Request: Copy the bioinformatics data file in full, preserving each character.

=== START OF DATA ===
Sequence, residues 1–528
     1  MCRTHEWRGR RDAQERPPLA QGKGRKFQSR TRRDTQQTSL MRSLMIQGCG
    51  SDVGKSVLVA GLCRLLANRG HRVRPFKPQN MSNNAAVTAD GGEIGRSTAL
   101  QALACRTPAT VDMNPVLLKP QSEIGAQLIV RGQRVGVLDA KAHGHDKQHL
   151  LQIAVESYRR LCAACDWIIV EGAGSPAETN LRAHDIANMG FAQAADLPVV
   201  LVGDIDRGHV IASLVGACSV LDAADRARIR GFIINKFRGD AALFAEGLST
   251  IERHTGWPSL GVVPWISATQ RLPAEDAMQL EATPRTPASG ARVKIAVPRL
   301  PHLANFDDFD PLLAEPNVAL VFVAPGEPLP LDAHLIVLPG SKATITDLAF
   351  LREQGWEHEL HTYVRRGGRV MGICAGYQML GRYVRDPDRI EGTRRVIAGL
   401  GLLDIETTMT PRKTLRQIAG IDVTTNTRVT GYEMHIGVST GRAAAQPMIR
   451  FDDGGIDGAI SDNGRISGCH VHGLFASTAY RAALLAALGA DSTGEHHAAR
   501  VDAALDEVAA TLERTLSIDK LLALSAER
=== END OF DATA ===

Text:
Sequence, residues 1–528
     1  MCRTHEWRGR RDAQERPPLA QGKGRKFQSR TRRDTQQTSL MRSLMIQGCG
    51  SDVGKSVLVA GLCRLLANRG HRVRPFKPQN MSNNAAVTAD GGEIGRSTAL
   101  QALACRTPAT VDMNPVLLKP QSEIGAQLIV RGQRVGVLDA KAHGHDKQHL
   151  LQIAVESYRR LCAACDWIIV EGAGSPAETN LRAHDIANMG FAQAADLPVV
   201  LVGDIDRGHV IASLVGACSV LDAADRARIR GFIINKFRGD AALFAEGLST
   251  IERHTGWPSL GVVPWISATQ RLPAEDAMQL EATPRTPASG ARVKIAVPRL
   301  PHLANFDDFD PLLAEPNVAL VFVAPGEPLP LDAHLIVLPG SKATITDLAF
   351  LREQGWEHEL HTYVRRGGRV MGICAGYQML GRYVRDPDRI EGTRRVIAGL
   401  GLLDIETTMT PRKTLRQIAG IDVTTNTRVT GYEMHIGVST GRAAAQPMIR
   451  FDDGGIDGAI SDNGRISGCH VHGLFASTAY RAALLAALGA DSTGEHHAAR
   501  VDAALDEVAA TLERTLSIDK LLALSAER